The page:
I was lucky enough to attend an Of Monsters and Men concert yesterday evening. (It was fan-bloody-tastic by the way. Can I move to Iceland? Please?) So after a relatively short nights sleep (my body clock is tuned in to early starts at the moment) I awoke feeling particularly lousy. On days like today I always experience a fleeting moment when I’m tempted to lie in bed and generally feel sorry for myself, however that is rarely a good solution. Instead I jumped, no that’s a lie, half rolled/half fell out of bed and shucked on my running gear. If exercise – and/or good food (note I didn’t say junk food there) – can’t perk you up then I don’t know what can. You’re probably expecting me to say I had a wonderful run and came back feeling on top of the world and very smug and righteous. Well I didn’t. It was a tough run. Some days your body just don’t want to work. My legs were stiff, I got a stitch, which I pride myself in rarely experiencing, and for some entirely inexplicable reason my stomach blew up like a balloon. All of those factors culminated in one of the most uncomfortable runs I have done in a long time. But did it dishearten me? No. If at this point you’re starting to wonder where on earth this crazy girl is going with this ‘story’, please bear with me!
You see, it didn’t matter that I didn’t beat, or even match, my personal best. What was important was that I got out there and tried. Sure, it doesn’t feel nearly as good as those days where you feel as though you are flying along, but it you shouldn’t allow it to ruin your day. Take it in your stride and move on. Certainly don’t put off your next run because of it (I am most definitely guilty of doing that in the past, though I don’t like to admit it).
The same goes for attempting to use up ingredients near the end of their tether. It’s a brilliant feeling when you get things right, and produce a tasty dish. But at the same time there’s no reason to be disheartened if your attempt dive-bombs miserably. It can’t, or rarely can, be worse that the original product especially if it is almost past it’s prime. And it’s highly unlikely that you will poison someone. The main thing to keep in mind is that you actually made the effort to use ingredients that were soon to be destined for the garbage. Not everyone does. It’s very easy to take food for granted and toss things out when you’re scared they might be going ‘icky’, particularly if the product was cheap.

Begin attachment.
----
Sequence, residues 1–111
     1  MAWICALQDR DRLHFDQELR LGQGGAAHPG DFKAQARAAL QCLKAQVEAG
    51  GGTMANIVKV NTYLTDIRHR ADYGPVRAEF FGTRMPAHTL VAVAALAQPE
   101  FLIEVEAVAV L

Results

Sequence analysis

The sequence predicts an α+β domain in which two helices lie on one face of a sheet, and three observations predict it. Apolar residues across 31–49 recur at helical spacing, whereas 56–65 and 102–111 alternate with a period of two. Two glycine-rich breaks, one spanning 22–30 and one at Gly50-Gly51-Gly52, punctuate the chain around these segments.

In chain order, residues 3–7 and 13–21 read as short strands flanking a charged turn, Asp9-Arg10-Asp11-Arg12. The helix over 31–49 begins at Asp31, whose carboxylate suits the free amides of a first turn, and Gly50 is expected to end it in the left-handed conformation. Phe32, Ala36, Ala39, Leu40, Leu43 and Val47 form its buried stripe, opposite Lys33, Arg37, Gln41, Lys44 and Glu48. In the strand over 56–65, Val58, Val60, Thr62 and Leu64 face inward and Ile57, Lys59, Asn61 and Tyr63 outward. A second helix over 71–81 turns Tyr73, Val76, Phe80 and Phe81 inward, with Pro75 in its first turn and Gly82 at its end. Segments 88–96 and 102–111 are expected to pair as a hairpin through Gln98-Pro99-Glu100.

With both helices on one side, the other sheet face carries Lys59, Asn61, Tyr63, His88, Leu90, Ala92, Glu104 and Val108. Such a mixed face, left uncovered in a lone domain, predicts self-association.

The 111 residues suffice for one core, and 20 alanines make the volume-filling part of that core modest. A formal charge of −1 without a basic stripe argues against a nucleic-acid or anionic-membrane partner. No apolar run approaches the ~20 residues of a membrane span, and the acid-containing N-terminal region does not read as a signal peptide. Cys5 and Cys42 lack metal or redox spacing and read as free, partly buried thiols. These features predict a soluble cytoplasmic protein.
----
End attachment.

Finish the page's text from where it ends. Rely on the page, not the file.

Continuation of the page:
The other day I decided to try something new with old, bruised bananas. Unfortunately the cookies turned out a bit too chewy, tough and pretty flavourless. Buy hey, I learnt from it! I now know which elements of that particular recipe works and which don’t. And if I had to choose between a mushy brown banana and a chewy cookie lacking in strong flavours I would still choose the latter.
It’s okay to be disappointed, and it can be frustrating when your efforts appear to have been for nothing. I’m not denying that. But don’t give up. Don’t let the fear of failure prevent you from trying again. And again. It doesn’t have to be the same recipe – there’s nothing wrong with trying a new one! The best way to overcome fear is to persevere until you realise that there is actually nothing to be apprehensive about. As Emma Watson wisely said “it’s not the absence of fear that makes you strong, it’s learning to overcome it”.